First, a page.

The following article was previously published by CambridgeToday.
When retired Cambridge firefighter Kelley Willemze decided to enter the field over three decades ago, she thought she was well aware of the potential risks associated with the job.
Making a career out of running into burning buildings, vehicles and various other dangerous situations comes with the obvious hazards one can imagine.
What she didn't expect was the dangers involved with simply stepping into her turnout gear before ever arriving at a call.
Truth is, no firefighter knew until two years ago.
In 2022, the International Association of Fire Fighters (IAFF) and Metropolitan Fire Chiefs Association alerted its members of the impact of chemicals known as Polyfluorinated Substances (PFAS) that were being used in their gear to aid in repelling water and oil, which includes an increased risk of cancer and susceptibility to other diseases.
Through being exposed to heat, which causes sweating and the opening of pores, PFAS can be absorbed through the skin from the inner layer.
"I was shocked," Willemze said of finding out about the PFAS issue.
"You feel confident if you wear your personal protective equipment appropriately and you do everything the guidelines tell you to do, you're as safe as you can possibly be. So, to find out the gear that's supposed to be protecting us is in itself a carcinogen is pretty shocking."
Around the same time the information came out, Willemze's son, University of Waterloo engineering grad student Drew Davidson, was working on research regarding water repellent coatings.
While further examining how to keep freezing rain from sticking on surfaces, he realized how vast the use of PFAS is.
"It's one of the main culprits of the microplastics that get into the environment and stick around forever," Davidson said.
"I was already on the path to trying to think of an alternative to PFAS in general. I was just getting started and that's when my mom came to me with the issue with her gear."
Willemze had just attended a funeral for a colleague who died of cancer, one of several she's been to in the past few years, she said. And while there's no way to directly tie them to the use of PFAS given the multitude of chemicals a firefighter comes into contact with over the course of their career, it's become a cause for concern for the IAFF and union.
According to the IAFF website, the association retained three nationally recognized tort law firms in January 2023 to assist in an effort to end firefighter cancer and eliminate the use of PFAS in the fire service.
With personal concern for herself and colleagues mounting, Willemze turned to her son in hopes of using his knowledge to help.
"I thought about it for a second and realized it was really close to what I was already working on," Davidson said.
"So, I decided to start focusing on this instead."
Davidson owns both an undergraduate and master's degree from UW and is about to enter a PhD program in chemical engineering.
The development of a new material is still in the early stages, he said, as he's currently looking at different classes of fire resistant materials that haven't entered manufacturing.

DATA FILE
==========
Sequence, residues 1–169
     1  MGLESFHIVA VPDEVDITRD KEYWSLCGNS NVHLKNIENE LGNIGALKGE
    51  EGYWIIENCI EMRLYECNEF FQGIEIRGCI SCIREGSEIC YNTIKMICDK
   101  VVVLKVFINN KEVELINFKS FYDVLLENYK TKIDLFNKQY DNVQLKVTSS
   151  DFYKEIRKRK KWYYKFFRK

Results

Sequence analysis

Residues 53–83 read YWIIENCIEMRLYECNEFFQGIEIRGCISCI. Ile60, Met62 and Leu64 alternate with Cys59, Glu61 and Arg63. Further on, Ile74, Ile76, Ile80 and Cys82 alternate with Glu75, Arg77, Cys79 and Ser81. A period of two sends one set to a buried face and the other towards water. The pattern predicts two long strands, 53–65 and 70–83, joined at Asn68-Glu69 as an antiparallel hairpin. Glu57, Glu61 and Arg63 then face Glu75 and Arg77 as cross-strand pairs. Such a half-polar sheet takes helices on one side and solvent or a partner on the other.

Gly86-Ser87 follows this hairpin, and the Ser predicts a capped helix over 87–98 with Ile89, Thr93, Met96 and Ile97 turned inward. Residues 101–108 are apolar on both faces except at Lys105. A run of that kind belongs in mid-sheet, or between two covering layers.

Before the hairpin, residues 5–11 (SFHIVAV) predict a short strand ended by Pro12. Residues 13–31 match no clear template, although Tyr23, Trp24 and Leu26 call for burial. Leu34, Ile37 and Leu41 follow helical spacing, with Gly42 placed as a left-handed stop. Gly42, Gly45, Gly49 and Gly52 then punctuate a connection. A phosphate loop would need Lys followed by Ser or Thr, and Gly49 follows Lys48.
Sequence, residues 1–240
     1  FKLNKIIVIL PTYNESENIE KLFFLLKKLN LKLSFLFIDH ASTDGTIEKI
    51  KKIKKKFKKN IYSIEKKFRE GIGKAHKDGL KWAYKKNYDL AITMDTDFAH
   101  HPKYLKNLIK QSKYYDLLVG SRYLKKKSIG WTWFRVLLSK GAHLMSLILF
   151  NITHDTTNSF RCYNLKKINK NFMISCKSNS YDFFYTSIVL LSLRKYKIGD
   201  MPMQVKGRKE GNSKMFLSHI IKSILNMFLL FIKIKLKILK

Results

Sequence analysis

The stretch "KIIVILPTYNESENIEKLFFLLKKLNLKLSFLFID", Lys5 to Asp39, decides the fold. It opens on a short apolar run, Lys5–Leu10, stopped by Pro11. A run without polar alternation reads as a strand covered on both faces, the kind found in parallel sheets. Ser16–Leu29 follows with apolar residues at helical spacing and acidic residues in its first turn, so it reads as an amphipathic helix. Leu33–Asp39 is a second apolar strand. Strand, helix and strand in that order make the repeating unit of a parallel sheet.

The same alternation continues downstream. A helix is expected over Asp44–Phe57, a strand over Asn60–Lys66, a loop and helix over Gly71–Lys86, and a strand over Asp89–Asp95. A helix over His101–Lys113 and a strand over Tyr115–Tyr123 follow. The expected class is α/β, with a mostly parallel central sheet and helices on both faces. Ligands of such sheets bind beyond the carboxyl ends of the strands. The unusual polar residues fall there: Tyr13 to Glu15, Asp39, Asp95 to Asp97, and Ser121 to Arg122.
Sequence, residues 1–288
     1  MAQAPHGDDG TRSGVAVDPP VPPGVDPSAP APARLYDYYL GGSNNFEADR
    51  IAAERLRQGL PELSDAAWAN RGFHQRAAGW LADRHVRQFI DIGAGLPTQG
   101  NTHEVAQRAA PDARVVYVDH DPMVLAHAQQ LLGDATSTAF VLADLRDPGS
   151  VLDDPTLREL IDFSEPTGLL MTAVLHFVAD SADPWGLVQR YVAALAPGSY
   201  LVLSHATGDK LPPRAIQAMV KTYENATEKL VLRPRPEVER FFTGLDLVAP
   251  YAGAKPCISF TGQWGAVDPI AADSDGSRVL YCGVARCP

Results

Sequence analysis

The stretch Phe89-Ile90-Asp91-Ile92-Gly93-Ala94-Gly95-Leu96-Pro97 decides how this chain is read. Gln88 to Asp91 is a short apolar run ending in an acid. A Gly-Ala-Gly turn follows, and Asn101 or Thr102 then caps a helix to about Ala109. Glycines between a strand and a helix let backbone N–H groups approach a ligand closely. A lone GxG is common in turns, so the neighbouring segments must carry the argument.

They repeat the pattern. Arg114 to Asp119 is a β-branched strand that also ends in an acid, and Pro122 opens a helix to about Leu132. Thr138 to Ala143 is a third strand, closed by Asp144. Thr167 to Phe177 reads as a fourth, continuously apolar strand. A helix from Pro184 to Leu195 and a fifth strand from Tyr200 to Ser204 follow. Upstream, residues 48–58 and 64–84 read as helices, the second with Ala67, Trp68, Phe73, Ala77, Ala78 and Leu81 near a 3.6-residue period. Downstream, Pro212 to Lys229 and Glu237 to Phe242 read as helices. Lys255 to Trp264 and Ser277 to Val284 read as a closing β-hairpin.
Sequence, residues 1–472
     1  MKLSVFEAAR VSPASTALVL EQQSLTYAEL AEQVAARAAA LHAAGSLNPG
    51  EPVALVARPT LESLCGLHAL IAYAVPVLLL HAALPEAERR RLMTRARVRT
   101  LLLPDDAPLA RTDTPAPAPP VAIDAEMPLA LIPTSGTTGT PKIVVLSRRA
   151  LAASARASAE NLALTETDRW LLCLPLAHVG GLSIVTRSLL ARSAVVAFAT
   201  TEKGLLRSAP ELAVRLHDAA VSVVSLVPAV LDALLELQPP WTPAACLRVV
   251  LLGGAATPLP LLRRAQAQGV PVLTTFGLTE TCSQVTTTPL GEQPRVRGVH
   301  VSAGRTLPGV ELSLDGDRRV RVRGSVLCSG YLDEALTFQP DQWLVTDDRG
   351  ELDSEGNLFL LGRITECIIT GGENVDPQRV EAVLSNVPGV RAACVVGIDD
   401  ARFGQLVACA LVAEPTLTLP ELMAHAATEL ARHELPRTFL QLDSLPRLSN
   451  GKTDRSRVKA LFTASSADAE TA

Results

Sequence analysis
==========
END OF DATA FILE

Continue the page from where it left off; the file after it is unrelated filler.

Much of the work is centred around making sure whatever safer material is developed meets all the requirements behind the guidelines needed for a fire suit. Resistance to the fire, how it sheds the heat given off by the person wearing it and how it repels water all present a complex engineering challenge.
There is currently no alternative to the turnout gear firefighters wear and Davidson said through his discussions with various departments, they're aware of it being an issue but it's one they have to tolerate to mitigate the larger risk. However, they continue to ask questions and explore other options.
The Cambridge Fire Department has given each fire fighter a second set of gear. Once a call ends, the gear is bagged and cleaned, but not all fire departments have the funding or ability to provide that service, Willemze said.
It's even more of an issue for volunteer firefighters as they don't always have the luxury of knowing whether to wear it to a call or to have it cleaned properly.
Gear must also stay separated in bunker rooms in the fire hall and away from common areas, a drastic measure that hints at the severity of the issue.
"I'm worried," Willemze said of the health impacts she could face in the years to come.
"Our job is to try and eliminate as much risk as we possibly can and this is just one of the risks Drew is going to try and work on."
To aid in his work, Davidson received the inaugural deep tech commercialization scholarship from the university. The scholarship is directed at supporting engineering problems that can be built up into successful start up companies.
He also recently met with Ontario’s Solicitor General, Michael Kerzner, to discuss his findings and ongoing efforts.
Davidson doesn't want to put a timeline on such an important project but he's hopeful to have a prototype at some point soon with the eventual goal of getting it to manufacturing and into the market.
"We're pretty hopeful right now," he said.
"We're moving into the research. The hope is to create a material that fulfills all the needs of firefighters but eliminates the toxicity issue."